Dixieland Boutique in Bowling Green opened Wednesday without a lot of fanfare. Owner Brittany Blackerby said normally when there’s a sale or special occasion, the clothing store will heavily promote it and do giveaways.

“I was little hesitant to do it in the same way this time because we need to maintain social distancing, so we didn’t want a line at the door or a lot of people coming in at once," Blackerby told WKU Public Radio. We wanted it to be like a normal day.”

Blackerby said customer traffic steady was steady throughout the day.

Updated at 3:49 p.m. ET

The coronavirus pandemic has taken a hit in the paychecks of close to half of U.S. households, the Census Bureau says.

Since March 13, 47% of adults say they — or another adult in their home — have lost employment income, while 39% say they're expecting their households to earn less from work over the next four weeks.

With the first of the month coming in less than two weeks, more than a fifth of adults report they have just slight or no confidence in their ability to make their next rent or mortgage payment on time.

Becca Schimmel

A survey of businesses in the Somerset region found that more than 90 percent of them are being impacted, in some way, by COVID-19. 

The Somerset-Pulaski County Chamber of Commerce surveyed 158 people in the business community to gather perspective on restarting the local economy.

Chamber of Commerce Executive Director Bobby Clue said the goal was to quantify perspective from a wide representation of businesses.

“It was a very well-rounded collection," said Clue. "We had everybody from retail and entertainment to restaurants and hotels, health care, agriculture, manufacturing and industry, real estate, banking education, nonprofits, technical services, all those were represented.”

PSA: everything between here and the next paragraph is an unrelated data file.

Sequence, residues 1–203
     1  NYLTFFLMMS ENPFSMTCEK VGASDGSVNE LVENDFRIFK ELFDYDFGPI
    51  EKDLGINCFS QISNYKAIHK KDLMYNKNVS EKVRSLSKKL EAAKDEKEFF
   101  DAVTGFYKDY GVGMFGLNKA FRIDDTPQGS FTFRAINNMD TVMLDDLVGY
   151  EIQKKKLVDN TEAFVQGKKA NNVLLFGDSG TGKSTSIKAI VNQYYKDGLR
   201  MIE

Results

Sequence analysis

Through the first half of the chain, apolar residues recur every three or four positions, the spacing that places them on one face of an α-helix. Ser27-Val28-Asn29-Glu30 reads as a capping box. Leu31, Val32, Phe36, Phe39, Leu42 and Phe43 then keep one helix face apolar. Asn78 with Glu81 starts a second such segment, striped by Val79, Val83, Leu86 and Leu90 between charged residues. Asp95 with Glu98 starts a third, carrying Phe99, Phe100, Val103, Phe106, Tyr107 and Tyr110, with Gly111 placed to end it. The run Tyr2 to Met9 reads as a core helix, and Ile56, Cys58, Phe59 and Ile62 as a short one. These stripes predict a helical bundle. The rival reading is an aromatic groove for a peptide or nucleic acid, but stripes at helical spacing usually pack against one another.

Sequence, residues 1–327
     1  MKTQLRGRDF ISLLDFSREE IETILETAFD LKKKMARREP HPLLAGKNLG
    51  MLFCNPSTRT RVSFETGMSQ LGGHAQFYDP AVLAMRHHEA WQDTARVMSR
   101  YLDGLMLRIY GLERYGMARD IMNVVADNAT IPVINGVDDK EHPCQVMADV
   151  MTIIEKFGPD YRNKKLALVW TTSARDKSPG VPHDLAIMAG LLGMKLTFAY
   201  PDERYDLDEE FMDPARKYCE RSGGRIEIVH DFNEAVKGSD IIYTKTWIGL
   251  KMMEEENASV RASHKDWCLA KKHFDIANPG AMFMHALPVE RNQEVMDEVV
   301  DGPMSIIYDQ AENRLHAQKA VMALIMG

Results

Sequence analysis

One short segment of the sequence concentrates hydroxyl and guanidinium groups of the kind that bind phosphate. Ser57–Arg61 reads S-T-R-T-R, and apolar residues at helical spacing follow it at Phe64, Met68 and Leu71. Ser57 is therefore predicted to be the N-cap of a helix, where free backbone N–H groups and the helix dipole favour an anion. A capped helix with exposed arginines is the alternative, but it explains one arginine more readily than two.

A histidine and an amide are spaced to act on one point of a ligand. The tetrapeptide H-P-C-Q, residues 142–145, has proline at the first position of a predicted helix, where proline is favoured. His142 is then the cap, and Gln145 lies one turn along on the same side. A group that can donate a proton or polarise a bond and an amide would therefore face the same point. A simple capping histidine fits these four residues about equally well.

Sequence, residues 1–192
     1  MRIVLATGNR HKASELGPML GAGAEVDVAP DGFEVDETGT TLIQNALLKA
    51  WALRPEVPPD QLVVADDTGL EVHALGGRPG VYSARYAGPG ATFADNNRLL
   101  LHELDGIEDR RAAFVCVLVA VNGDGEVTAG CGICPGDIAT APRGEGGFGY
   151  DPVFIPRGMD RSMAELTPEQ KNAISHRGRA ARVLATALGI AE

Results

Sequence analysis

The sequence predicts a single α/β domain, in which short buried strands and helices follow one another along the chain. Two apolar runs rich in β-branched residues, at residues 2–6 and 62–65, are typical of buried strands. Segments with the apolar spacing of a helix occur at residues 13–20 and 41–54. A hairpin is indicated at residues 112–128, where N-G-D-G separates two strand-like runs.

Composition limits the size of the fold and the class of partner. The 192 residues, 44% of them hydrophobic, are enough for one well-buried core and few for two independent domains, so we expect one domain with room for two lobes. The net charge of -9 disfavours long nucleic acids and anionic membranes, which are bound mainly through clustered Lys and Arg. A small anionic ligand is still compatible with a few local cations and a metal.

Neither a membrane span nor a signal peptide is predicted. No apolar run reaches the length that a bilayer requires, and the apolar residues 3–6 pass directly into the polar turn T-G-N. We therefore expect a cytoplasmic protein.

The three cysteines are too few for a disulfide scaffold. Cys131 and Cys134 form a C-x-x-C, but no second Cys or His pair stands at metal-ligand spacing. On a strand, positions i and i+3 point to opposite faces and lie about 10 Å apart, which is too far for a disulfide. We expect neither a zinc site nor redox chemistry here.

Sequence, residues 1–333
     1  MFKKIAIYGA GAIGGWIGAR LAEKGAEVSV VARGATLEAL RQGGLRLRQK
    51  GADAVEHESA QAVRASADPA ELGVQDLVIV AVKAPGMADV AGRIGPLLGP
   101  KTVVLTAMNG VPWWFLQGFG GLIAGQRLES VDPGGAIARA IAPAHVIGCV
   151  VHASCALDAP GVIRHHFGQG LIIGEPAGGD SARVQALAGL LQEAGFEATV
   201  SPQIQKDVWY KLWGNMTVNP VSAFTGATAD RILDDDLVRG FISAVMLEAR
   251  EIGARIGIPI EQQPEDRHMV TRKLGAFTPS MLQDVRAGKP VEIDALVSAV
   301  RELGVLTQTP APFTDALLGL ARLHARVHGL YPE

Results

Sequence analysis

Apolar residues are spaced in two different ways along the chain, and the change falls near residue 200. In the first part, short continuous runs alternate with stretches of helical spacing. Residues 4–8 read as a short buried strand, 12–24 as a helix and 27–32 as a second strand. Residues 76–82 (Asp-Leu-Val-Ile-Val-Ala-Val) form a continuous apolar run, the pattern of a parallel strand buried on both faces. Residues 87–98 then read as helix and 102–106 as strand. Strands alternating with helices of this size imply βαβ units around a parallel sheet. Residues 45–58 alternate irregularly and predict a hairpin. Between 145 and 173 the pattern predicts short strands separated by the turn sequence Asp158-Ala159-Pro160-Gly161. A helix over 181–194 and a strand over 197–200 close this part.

The survey found that about one-quarter of those who responded reported a 50 percent decline in revenue.

Becca Schimmel

Businesses are asking to be shielded from lawsuits filed by customers and employees who contract coronavirus, but labor groups worry that doing so would chip away at protections designed to keep workers and customers safe.

The proposal, which is currently being discussed in Congress, comes as many non-essential Kentucky businesses that have been closed during the pandemic are starting to reopen.

Federal lawmakers are debating whether to pass another coronavirus relief package for people, businesses and state governments struggling during the pandemic.


J. Tyler Franklin

Kentucky restaurants will be able to open at one-third capacity starting May 22 as part of a new schedule of business reopenings announced by Gov. Andy Beshear.

Movie theaters and gyms will be able to open on June 1, campgrounds on June 11, childcare and outdoor youth sports on June 15 and bars and groups of 50 on July 1.

Beshear said businesses will have to meet social distancing, sanitary and personal protective equipment requirements in order to open.


The private sector slashed a record 20.2 million jobs between March and April — a somber preview of Friday's monthly jobs report. That's up from the 149,000 private jobs cut a month earlier.

Trish Pugh started an Ohio trucking company with her husband in 2015. Even for a small business, it's small — they had two drivers, counting her husband, until they let one go because of the coronavirus crisis.

And so her company applied for a loan under the first, $349 billion round of the Paycheck Protection Program, which the federal government had set up to rescue small businesses.

It didn't go well.


Gov. Andy Beshear is moving forward with reopening non-essential parts of Kentucky’s economy during the coronavirus pandemic, saying that he still believes the virus has “plateaued” in the state.

Beshear announced that starting on May 11, businesses in the following industries will be allowed to reopen: manufacturing, construction, professional services, car and boat dealers, pet grooming and boarding and horse racing.

Previously, Beshear had said the state would have to show a 14-day decline in coronavirus cases, and significantly expand its testing and contact tracing capabilities, in order to start easing restrictions. That was in line with White House recommendations. Kentucky has not yet shown a consistent decline in cases.